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Is it Possible to Identify our Enslaved Ancestors in Hispanic Genealogy?

Updated: Feb 6

Short answer to this question is, yes it is possible, but there are a few things you need to know.

I will always start with emphasizing how important it is to do history research for the different areas our ancestors are from. While we all come from countries that were colonized by Spain the experience of our African ancestors differ. There are the enslaved Ancestors that founded San Basilio de Palenque in Colombia and started one of the first recognized towns founded by former enslaved peoples that were able to obtain freedom before freedom was granted to all. Slavery was also not abolished collectively by the colonies of Spain even as they gained Independence. Please note that gaining Independence from Spain did not equate to the end of slavery in our countries. So all of that is to say, is do the history research to better understand what your African ancestors went through.

Here is a few things to know:

  1. Spain did require for slaves to be converted into the Catholic religion and were baptized. So you can search for your enslaved ancestors in Church records if they are available.

  2. Yes there were times that in certain countries or towns that when they were baptized/married/buried it may not have been recorded.

  3. If recorded some countries kept separate books for Enslaved, Pardos & Blancos, Puerto Rico is a good example of this.

  4. Was it possible to find sometimes former enslaved ancestors in either the Pardos or Blancos books? Yes it was. Due to the high rate of mixing of the races that occurred under Spain, sometimes you will find an Ancestor in the Pardos book and then in the Blancos book. Interpretation was left to the eye of the beholder.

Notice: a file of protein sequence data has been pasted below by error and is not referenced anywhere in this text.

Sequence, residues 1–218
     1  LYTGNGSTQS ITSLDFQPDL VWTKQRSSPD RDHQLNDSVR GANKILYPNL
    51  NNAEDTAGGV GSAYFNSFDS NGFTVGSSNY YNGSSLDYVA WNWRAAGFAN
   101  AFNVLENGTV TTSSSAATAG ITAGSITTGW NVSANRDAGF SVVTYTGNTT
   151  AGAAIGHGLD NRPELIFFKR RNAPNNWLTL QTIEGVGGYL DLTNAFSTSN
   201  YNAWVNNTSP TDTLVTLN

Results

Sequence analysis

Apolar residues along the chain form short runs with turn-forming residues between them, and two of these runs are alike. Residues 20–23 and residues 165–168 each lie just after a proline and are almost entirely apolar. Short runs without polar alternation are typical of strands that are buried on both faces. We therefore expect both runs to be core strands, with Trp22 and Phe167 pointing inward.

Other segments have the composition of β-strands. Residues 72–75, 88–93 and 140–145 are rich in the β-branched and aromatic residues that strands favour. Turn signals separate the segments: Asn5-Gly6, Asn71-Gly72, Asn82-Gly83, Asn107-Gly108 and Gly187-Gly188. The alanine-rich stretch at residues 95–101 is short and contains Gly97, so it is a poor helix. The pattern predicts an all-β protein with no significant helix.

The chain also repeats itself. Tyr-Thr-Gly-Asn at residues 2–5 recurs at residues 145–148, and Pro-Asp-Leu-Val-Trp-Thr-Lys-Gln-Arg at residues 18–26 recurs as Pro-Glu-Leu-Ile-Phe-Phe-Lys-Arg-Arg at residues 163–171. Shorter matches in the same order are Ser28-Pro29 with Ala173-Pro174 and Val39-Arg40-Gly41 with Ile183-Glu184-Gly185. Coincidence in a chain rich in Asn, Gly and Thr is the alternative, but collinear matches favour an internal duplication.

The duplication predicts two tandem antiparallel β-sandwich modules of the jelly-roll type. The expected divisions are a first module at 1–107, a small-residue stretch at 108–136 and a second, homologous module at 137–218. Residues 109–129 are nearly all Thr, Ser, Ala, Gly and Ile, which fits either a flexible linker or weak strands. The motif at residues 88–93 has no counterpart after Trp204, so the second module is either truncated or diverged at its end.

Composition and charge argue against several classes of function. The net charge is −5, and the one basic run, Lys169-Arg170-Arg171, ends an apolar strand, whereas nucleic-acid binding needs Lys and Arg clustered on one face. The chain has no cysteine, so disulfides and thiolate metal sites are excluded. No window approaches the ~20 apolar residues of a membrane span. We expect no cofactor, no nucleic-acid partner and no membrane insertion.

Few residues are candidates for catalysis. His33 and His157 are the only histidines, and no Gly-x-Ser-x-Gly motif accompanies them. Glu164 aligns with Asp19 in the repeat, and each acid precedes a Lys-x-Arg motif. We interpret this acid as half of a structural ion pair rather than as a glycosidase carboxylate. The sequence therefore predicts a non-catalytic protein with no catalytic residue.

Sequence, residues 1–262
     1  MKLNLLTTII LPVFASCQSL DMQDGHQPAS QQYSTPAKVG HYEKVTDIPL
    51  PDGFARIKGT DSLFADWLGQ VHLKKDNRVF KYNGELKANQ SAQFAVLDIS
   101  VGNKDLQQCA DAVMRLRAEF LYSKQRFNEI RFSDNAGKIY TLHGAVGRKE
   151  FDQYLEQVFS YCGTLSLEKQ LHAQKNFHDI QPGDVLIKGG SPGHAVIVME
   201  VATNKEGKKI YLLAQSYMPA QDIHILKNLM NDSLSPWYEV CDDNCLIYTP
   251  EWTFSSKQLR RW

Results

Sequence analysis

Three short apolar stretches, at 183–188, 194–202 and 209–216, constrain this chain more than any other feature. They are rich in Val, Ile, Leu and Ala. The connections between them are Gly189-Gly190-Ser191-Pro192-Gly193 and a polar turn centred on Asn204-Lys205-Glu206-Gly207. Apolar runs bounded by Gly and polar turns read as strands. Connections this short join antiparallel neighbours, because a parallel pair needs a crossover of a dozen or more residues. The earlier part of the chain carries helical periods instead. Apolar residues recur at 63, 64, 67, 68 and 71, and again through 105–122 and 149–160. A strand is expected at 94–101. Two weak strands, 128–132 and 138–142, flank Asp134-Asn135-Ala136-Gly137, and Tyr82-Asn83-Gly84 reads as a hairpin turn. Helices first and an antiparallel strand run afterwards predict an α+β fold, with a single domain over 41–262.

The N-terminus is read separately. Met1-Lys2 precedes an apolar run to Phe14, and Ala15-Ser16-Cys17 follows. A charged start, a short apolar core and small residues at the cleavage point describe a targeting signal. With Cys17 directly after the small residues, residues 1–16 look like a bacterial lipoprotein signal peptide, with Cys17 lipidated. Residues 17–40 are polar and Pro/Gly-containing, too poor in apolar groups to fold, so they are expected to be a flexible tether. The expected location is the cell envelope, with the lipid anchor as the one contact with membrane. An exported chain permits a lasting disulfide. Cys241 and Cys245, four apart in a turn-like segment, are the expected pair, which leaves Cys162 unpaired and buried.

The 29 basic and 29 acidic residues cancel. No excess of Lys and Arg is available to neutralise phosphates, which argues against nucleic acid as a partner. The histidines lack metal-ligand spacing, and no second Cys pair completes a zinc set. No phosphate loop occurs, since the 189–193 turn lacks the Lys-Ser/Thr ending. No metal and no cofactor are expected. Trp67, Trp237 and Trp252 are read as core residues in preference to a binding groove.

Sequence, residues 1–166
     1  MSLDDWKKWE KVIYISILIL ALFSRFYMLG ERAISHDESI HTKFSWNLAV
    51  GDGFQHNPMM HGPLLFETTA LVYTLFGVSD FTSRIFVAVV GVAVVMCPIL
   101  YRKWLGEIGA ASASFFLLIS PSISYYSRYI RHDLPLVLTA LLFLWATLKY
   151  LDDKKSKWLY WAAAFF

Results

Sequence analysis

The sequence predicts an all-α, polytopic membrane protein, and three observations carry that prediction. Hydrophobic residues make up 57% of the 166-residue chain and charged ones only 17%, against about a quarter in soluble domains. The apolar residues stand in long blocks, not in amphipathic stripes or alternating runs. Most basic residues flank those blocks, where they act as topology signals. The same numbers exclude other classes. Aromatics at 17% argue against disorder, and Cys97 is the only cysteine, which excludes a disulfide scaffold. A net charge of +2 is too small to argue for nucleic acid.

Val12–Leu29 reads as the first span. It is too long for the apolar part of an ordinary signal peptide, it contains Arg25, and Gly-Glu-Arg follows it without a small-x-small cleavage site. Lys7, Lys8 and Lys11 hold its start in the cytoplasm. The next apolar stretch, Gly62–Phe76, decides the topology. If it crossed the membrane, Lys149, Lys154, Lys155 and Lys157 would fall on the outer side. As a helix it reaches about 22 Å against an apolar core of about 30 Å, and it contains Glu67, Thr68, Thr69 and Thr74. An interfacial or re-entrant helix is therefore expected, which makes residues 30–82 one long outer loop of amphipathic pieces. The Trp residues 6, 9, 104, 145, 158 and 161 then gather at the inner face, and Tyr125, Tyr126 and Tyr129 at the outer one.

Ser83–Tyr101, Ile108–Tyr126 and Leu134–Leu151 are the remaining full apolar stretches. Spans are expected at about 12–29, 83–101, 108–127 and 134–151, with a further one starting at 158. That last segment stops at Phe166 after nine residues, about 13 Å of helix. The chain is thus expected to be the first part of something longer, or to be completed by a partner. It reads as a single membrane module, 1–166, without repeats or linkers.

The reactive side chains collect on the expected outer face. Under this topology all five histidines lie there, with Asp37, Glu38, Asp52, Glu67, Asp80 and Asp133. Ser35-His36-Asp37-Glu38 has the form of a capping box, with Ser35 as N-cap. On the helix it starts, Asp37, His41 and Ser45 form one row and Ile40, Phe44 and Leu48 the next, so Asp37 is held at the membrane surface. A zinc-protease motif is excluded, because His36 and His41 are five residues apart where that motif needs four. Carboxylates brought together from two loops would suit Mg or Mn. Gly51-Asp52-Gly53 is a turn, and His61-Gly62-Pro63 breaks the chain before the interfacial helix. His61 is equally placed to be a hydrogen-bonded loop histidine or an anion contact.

5. If you find church records for enslaved they may have been recorded with just a first name and the god parents were sometimes their owners. But looking at the information closely and in getting to know the family unit you may be able to identify your Ancestor. (Remember we start from most current and up so when you get to older generations you should be pretty familiar with the family).

  6. Did enslaved Ancestors always keep their masters last names? Often but not always. Like in the US some people did keep the last names of their owners, many did this with the hopes of reuniting with lost family members.

  7. Is it unusual to see former enslaved Ancestors to see them be free before emancipation? No it is not, slaves in the Spanish colonies sometimes were able to buy their freedom, sometimes they were freed by their masters after their master's passing. Also in the case of Puerto Rico the people that were fighting to abolish slavery they would wait outside of the churches when the babies were baptized and would pay for their freedom.

  8. Is it possible to identify the Ancestor that came from Africa? Rare but it can happen. Even after 1808 when it became illegal to transport slaves out of Africa in to the colonies, there was still a big black market for it. One of the last known ships to have landed in Puerto Rico was in 1859.

  9. Start with FamilySearch and see if there are Church Records available for your area of research. Make sure to go to the Card Catalog and the Wiki Pages. Don't forget the Affiliate Libraries (often your local Public Library) and Family History Centers. One of the best resources for Church records for Puerto Rico is: Orlando Reyes, Professional Genealogist has created indexes that link back to the records in FamilySearch.

  10. Search online if there are special projects, genealogical societies, university libraries. Some of them may have online databases or genealogical books that you can purchase.

For information on my research research services you can book time with me for a free 30 minute consultation. Or if you are someone that is doing their own research, you are also welcome to join my private Facebook group Descubre Tu Genealogy. This is a safe space for you to get support for your research and you can also join me on live Q & As!

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